Re-christening the old trivium with a new and more ambitious name: Studia humanitatis, increasing its scope, they downplayed logic as opposed to the traditional Latin grammar and rhetoric, added to them history and moral philosophy, with a new emphasis on poetry as well. The educational curriculum of humanism spread throughout Europe during the sixteenth century and became the educational foundation for the schooling of European elites, the functionaries of political administration, the clergy of the various recognized churches, the learned professions of law and medicine; the ideal of a liberal arts, or humanistic education grounded in classical languages and literature, persisted until the middle of the twentieth century. Some subsections of the liberal arts are in the trivium – the verbal arts of grammar and rhetoric – and other parts are in the quadrivium – the numerical arts of music and arithmetic, the graphical and mathematical art of Geometry; each subsection includes the interpretation of information.
Academic areas that are associated with the term liberal arts include: Arts Philosophy Religious studies Social science Mathematics Natural Sciences For example, the core courses for Georgetown University's Doctor of Liberal Studies program cover philosophy, history, art and the social sciences. Wesleyan University's Master of Arts in Liberal Studies program includes courses in visual arts, art history and professional writing, history, film, education, biology and astronomy; the liberal arts education at the secondary school level prepares the student for higher education at a university. They are thus meant for the more academically minded students. In addition to the usual curriculum, students of a liberal arts education study Latin and Ancient Greek; some liberal arts education provide general education, others have a specific focus. The four traditional branches are: humanities education modern languages lower level mathematical-scientific education economical and social-scientific education Curricula differ from school to school, but include language, informatics, chemistry, geography, music, philosophy, civics / citizenship, social sciences, several foreign languages.
Schools concentrate not only on academic subjects, but on producing well-rounded individuals, so physical education and religion or ethics are compulsory in non-denominational schools which are prevalent. For example, the German constitution guarantees the separ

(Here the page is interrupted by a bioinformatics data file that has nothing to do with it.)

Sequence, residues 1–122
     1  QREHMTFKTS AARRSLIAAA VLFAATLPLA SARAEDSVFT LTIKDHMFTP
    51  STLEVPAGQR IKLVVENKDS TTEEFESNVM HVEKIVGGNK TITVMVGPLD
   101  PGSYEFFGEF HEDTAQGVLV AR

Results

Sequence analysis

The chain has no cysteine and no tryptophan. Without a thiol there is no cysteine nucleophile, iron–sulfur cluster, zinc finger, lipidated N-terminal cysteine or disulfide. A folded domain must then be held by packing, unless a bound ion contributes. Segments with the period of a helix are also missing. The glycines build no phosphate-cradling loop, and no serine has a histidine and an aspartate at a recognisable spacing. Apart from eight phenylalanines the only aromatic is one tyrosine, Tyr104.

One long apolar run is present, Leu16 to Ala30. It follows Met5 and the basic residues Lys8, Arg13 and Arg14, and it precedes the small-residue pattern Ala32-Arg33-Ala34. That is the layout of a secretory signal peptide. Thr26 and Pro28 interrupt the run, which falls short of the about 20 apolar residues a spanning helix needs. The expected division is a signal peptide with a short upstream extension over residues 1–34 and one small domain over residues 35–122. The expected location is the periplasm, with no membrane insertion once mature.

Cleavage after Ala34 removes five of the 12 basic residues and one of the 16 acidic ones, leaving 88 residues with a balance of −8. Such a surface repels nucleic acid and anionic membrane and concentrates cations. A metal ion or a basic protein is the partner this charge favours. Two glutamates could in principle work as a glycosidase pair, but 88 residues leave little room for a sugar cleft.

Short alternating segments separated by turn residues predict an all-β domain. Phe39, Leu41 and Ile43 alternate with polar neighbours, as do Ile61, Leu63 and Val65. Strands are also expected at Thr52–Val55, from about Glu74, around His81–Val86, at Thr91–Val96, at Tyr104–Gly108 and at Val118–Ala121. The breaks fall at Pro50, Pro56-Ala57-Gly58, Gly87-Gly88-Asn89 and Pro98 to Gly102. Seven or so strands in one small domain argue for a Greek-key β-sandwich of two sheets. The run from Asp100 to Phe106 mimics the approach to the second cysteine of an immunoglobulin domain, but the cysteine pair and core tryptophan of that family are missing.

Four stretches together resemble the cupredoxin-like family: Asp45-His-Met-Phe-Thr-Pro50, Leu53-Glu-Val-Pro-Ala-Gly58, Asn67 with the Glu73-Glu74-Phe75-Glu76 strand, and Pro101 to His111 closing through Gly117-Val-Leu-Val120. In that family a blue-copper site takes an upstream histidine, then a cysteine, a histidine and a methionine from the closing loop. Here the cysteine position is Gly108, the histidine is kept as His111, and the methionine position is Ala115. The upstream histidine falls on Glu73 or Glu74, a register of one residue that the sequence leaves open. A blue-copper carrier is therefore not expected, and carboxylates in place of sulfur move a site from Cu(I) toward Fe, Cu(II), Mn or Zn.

Christianity is an Abrahamic religion based on the life and teachings of Jesus of Nazareth, as described in the New Testament. Its adherents, known as Christians, believe that Jesus Christ is the Son of God and savior of all people, whose coming as the Messiah was prophesied in the Old Testament. Depending on the specific denomination of Christianity, practices may include baptism, prayer, confirmation, burial rites, marriage rites and the religious education of children. Most denominations hold regular group worship services. Christianity developed during the 1st century CE as a Jewish Christian sect of Second Temple Judaism, it soon attracted Gentile God-fearers, which lead to a departure from Jewish customs, the establishment of Christianity as an independent religion. During the first centuries of its existence Christianity spread throughout the Roman Empire, to Ethiopia and some parts of Asia. Constantine the Great decriminalized it via the Edict of Milan; the First Council of Nicaea established a uniform set of beliefs across the Roman Empire.
By 380, the Roman Empire designated Christianity as the state religion. The period of the first seven ecumenical councils is sometimes referred to as the Great Church, the united full communion of the Roman Catholic Church, Eastern Orthodox Church, Oriental Orthodoxy, before their schisms. Oriental Orthodoxy split after the Council of Chalcedon over differences in Christology; the Eastern Orthodox Church and the Catholic Church separated in the East–West Schism over the authority of the Pope. In 1521, Protestants split from the Catholic Church in the Protestant Reformation over Papal primacy, the nature of salvation, other ecclesiological and theological disputes. Following the Age of Discovery, Christianity was spread into the Americas, sub-Saharan Africa, the rest of the world via missionary work and colonization. There are 2.3 billion Christians in the world, or 31.4% of the global population. Today, the four largest branches of Christianity are the Catholic Church, the Eastern Orthodox Church and Oriental Orthodoxy.
Christianity and Christian ethics have played a prominent role in the development of Western civilization around Europe during late antiquity and the Middle Ages. In the New Testament, the names by which the disciples were known among themselves were "brethren", "the faithful", "elect", "saints" and "believers". Early Jewish Christians referred to themselves as'The Way' coming from Isaiah 40:3, "prepare the way of the Lord." According to Acts 11:26, the term "Christian" was first used in reference to Jesus's disciples in the city of Antioch, meaning "followers of Christ," by the non-Jewish inhabitants of Antioch. The earliest recorded use of the term "Christianity" was by Ignatius of Antioch, in around 100 AD. While Christians worldwide share basic convcitions, there are differences of interpretations and opinions of the Bible and sacred traditions on which Christianity is based. Concise doctrinal statements or confessions of religious beliefs are known as creeds, they began as baptismal formulae and were expanded during the Christological controversies of the 4th and 5th centuries to become statements of faith.